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One of the most important aspects of engineering that you have to grasp is that quality can only be as good as the weakest link in the chain. I guess that could be said about many fields. In audio, hopefully the weakest link isn’t the players or the engineer! The two biggest problems are usually related to the least fixable cause: the room. We’ll get into discussing room issues in a later column; suffice to say, it’s a big issue!
Microphones and monitors are the next large bugaboo. These are particularly important, as they are your input and output of the whole process. And they interact with that nasty issue about the room. Today let’s focus on monitors. Understand this: there is no TRUTH. There is no such thing as the “best” monitor, or the most accurate monitor, or any other absolute. There are, however, crappy monitors, and crappy rooms.
In fact, a general rule of thumb is that if you can’t control (aka fix) your room to make it an accurate environment for listening, you’re better of removing it from the equation using headphones. Headphones are not ideal either – they can be inaccurate, cause ear fatigue, and present a detail and stereo image that is seductive but not really representative of what listeners hear through speakers. However, good (sub-$1000) headphones will always beat high-end speakers in a lousy room.
Let’s assume your room doesn’t suck (or reflect – sorry, engineer joke). Let me say again, this is a BIG assumption. (Have a look at the complexity of such a room).
What are the goals for your monitors? There are a few different potential goals that may be at odds with each other, and you’ve got to choose between them, or balance them.
First, they should be accurate, right? But what does that mean? We’re used to seeing graphs of frequency response, and we know that we’d like something that’s “flat”. Of course, nothing is flat. So you need to look for a response chart that has the fewest peaks and valleys, or that has them in less dangerous places. +/- 5 dB variance sounds like a lot, and it is, but realistically that’s what you’re dealing with. Here’s a look at a typical plot.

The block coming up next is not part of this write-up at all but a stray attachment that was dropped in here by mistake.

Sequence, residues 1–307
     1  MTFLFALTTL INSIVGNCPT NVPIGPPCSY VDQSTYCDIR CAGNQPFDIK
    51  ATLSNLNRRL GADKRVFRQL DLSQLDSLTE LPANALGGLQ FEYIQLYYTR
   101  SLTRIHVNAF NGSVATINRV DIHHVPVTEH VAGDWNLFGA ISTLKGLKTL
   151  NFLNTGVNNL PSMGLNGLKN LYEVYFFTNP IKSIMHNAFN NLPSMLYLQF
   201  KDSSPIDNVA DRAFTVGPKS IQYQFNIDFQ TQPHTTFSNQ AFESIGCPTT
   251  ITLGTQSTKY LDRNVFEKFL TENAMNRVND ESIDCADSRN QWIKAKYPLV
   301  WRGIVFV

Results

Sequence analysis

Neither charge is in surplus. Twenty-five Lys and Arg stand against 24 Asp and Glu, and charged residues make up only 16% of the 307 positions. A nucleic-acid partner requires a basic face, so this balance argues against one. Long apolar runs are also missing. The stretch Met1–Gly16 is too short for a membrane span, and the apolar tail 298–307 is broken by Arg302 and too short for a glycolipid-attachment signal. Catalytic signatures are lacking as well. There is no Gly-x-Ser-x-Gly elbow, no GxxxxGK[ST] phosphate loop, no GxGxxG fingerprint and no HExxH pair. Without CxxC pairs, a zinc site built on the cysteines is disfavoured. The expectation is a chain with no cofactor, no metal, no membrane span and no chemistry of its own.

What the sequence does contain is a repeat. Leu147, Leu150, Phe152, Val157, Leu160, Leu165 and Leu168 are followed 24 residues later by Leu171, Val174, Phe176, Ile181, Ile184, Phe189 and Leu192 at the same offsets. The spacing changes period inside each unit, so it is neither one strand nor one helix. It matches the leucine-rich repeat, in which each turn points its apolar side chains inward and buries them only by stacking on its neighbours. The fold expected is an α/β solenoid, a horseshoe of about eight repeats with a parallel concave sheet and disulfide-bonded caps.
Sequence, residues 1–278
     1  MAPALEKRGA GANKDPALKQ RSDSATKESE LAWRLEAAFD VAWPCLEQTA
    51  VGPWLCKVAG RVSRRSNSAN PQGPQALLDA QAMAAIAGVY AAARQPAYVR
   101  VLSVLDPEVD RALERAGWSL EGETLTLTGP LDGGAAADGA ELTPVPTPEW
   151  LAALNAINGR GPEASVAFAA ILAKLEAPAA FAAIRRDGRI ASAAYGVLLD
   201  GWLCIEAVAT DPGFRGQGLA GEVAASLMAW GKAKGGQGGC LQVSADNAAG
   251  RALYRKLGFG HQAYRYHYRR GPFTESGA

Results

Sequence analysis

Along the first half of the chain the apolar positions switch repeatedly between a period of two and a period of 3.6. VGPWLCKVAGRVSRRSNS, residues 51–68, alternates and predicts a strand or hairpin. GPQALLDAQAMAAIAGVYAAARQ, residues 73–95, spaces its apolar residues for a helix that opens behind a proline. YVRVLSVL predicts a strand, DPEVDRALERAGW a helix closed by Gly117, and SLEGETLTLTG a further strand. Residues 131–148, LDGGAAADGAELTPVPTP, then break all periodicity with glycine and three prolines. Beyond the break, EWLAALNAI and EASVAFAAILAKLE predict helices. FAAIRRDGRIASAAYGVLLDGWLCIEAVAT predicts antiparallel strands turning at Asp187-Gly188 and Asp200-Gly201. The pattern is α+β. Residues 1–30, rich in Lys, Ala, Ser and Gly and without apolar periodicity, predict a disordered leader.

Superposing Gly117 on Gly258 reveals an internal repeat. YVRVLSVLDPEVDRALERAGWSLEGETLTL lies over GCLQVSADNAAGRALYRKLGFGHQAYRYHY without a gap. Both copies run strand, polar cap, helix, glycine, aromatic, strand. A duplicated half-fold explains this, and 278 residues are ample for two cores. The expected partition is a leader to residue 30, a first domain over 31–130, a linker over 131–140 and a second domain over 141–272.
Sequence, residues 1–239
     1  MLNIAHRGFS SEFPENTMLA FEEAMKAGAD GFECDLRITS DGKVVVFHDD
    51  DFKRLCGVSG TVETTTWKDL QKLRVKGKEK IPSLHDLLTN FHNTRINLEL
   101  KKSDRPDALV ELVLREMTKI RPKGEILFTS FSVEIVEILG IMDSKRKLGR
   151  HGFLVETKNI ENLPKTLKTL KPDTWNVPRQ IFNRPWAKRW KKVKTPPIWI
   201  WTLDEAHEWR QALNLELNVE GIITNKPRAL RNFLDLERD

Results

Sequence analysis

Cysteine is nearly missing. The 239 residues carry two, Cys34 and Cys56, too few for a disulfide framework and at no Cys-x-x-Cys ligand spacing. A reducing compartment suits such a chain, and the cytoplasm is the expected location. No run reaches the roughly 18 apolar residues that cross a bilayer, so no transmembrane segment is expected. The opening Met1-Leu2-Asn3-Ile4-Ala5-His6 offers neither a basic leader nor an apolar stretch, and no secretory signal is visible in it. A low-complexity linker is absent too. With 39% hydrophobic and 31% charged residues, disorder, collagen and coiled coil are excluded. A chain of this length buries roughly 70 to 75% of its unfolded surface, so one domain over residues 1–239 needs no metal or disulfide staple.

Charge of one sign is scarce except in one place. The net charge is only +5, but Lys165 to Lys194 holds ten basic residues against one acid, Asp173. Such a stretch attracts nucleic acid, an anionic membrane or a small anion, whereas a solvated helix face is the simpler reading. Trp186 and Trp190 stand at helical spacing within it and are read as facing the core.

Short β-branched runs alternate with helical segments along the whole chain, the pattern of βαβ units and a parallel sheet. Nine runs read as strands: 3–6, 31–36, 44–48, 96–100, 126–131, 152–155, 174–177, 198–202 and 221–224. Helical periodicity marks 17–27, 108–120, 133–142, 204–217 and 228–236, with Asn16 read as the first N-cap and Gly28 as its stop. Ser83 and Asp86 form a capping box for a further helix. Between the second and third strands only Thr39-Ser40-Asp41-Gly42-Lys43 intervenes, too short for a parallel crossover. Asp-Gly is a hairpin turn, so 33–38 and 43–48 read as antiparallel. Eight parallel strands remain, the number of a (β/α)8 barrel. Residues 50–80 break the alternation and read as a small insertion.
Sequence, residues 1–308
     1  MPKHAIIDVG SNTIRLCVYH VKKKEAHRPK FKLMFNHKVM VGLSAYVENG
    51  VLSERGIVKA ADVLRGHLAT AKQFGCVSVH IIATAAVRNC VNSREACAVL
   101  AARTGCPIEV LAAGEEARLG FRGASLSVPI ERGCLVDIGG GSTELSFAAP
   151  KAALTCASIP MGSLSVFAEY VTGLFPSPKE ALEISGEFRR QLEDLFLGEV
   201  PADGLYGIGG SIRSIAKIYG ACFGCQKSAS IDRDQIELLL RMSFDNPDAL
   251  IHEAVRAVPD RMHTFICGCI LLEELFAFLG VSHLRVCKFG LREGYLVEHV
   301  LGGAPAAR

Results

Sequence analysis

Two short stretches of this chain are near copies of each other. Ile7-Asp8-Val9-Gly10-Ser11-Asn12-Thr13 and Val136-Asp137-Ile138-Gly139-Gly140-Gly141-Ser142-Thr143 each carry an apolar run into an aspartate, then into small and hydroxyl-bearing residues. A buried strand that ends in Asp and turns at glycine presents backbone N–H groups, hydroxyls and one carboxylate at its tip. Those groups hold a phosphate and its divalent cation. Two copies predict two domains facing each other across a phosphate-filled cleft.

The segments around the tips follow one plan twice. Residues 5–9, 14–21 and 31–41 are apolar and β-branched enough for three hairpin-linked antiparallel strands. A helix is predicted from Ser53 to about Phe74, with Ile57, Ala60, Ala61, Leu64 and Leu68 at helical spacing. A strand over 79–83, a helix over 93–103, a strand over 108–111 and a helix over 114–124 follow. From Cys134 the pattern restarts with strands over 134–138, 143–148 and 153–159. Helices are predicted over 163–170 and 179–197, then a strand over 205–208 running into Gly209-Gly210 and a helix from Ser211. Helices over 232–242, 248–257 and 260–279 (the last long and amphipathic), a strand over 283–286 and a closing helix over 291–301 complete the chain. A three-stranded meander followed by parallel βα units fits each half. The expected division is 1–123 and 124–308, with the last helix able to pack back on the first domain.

Try to avoid big changes between 80-160 Hz, 300-400 Hz, 1-2KHz; that’s your bass, you cloudiness zone, and your vocal presence ranges, respectively.
Flatness doesn’t tell the whole story. Phase accuracy is important too. Multi-way speakers (speakers with more than one speaker driver: a woofer, mid-range, and tweeter in a 3-way design, for example) can have phase shifts around the crossover frequencies (where one driver takes over for another). These may affect the frequency response chart, or may be masked in that measurement, but contribute to a “smearing” effect on what you’re listening to. Here’s an example of an excellent 3-way design. Note that the dual woofers and the ports still make it a 3-way.
Most main monitors run out of gas between 40-50 Hz. For many situations, particularly for recording, that’s just fine. If you’re mixing, or mastering particularly, or doing EDM or other club music, however, you’re gonna need something deeper. In some cases, that means a subwoofer. However, you need to remember that a sub means another crossover point and all the potential BS that comes with that. It can be very time consuming to position and tune the sub to dovetail nicely with your main monitors. In many cases, a larger, deeper main monitor may be preferable.